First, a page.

Gov. Greg Abbott has a school safety plan. Now what? More specifically, how is he going to pay for it? Or maybe more to the point, who is going to pay for it?
So far, Abbott has identified about $110 million, including federal funds. But his proposals, if adopted and carried out to any meaningful degree, will cost billions, a very pricey proposition for a governor who has been tight-fisted about education spending.
Here are a few of the big ticket items:
# Improving the infrastructure and design of Texas schools to reduce security threats. Texas has more than 8,700 school campuses. Not all of them will be redesigned or “hardened,” as the security people say, but if the governor’s plan is carried out, many will be, and some may get metal detectors at several thousand dollars apiece. This item alone could easily cost many times the $110 million the governor has identified.
# Hiring more professionally trained school security guards, a worthwhile, but recurring expense that many school districts and local taxpayers may not be able to afford.
# Hiring more school counselors to improve school mental health services and identify students who may pose a danger to themselves and others. This idea also can save lives, but thousands of additional counselors are needed across Texas, and, like the security guards, they will have to be paid and receive benefits every year, year in and year out.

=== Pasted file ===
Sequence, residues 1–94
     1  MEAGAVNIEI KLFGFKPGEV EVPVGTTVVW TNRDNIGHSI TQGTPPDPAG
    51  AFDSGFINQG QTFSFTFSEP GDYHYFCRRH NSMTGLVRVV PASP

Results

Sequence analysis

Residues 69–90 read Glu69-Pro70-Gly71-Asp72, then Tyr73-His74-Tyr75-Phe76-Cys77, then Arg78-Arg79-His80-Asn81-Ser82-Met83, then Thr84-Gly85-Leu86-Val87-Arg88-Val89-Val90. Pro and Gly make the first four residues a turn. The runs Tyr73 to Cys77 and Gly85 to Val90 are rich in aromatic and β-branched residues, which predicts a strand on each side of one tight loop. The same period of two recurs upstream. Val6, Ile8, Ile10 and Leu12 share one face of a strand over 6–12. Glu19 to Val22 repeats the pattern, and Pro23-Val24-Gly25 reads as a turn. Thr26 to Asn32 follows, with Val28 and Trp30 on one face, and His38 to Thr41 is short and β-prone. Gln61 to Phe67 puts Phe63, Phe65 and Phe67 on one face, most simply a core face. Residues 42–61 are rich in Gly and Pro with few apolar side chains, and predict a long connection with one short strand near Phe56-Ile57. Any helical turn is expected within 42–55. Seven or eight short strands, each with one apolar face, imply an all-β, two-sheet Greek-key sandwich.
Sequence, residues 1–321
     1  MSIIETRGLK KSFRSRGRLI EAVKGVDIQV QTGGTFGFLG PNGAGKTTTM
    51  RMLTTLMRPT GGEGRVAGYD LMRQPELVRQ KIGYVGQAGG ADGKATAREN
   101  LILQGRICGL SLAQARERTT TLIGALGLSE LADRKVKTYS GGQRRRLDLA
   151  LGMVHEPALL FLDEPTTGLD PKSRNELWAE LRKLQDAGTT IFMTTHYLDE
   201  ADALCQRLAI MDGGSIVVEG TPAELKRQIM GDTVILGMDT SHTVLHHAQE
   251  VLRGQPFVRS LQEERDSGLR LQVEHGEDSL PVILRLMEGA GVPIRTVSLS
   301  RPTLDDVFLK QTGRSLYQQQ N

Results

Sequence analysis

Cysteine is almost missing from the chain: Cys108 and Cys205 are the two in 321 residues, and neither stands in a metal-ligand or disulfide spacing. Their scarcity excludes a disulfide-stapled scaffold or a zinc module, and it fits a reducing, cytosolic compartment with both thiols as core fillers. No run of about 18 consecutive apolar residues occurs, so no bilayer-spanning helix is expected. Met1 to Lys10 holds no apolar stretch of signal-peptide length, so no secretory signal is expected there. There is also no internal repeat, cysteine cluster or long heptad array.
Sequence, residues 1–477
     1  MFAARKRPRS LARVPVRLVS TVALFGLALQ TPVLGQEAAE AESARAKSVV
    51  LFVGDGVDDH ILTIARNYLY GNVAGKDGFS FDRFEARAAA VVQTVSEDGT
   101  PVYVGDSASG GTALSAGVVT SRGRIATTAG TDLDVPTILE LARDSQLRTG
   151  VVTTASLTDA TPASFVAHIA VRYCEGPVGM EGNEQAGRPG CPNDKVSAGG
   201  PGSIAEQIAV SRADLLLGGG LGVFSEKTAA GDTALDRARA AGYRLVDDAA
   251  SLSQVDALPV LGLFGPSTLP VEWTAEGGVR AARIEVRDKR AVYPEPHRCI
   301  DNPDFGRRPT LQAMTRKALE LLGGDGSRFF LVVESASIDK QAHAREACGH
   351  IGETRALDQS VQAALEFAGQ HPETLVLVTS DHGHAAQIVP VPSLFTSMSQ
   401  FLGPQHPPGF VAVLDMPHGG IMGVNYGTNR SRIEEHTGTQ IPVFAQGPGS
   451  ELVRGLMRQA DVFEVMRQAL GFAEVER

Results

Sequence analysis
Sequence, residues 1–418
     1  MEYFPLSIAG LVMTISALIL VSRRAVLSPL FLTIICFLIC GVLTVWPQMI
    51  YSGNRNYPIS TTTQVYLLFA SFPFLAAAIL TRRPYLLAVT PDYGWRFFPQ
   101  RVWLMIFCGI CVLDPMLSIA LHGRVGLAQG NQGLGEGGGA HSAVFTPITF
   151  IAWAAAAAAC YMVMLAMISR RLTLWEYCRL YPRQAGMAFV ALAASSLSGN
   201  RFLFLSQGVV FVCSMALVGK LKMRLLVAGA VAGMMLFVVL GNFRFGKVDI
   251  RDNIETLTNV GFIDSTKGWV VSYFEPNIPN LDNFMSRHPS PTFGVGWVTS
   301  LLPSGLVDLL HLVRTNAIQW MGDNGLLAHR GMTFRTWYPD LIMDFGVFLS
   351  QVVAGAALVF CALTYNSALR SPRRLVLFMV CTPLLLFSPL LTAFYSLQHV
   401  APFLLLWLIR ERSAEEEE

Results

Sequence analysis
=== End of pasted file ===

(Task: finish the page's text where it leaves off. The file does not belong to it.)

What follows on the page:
There are other costs, including training costs that would be associated with the governor’s proposed expansion of the school marshal program to arm more teachers and school employees, which TSTA opposes.
Twenty of the governor’s proposals, half of the 40 pieces of his plan, will require funding, according to an analysis by the Texas House Democratic Caucus. And so far the governor hasn’t identified a funding source for 13 of those 20.
Phillip Martin, the caucus’ executive director, also pointed out that most of the funding the governor has proposed, $62.1 million, comes from federal grants for the Student Support and Academic Enrichment program. Congress appropriated some of this money for school safety but also intended for some of the funding to pay for STEM education for girls, minority students and low-income kids.
Abbott needs to begin making plans now for the Legislature to raise substantial amounts of state funding to carry out his plan. School districts and local taxpayers alone simply cannot afford the cost associated with it, partly because the governor and his legislative allies have persisted for years in under-funding public education.
Part of the Rainy Day Fund, the state’s multi-billion-dollar savings account, can be used to help school districts improve the security of their facilities. The Rainy Day Fund is taxpayer money, and Abbott needs to quit hoarding it.
For the longer term, the governor needs to insist that the School Finance Commission come up with an improved, adequate school funding system, not only to improve school security but also to improve learning opportunities for all of Texas’ school kids. And if he is still in office in January, he needs to demand that the Legislature enact it.
Otherwise, the school safety plan will amount to little more than playing politics in an election year.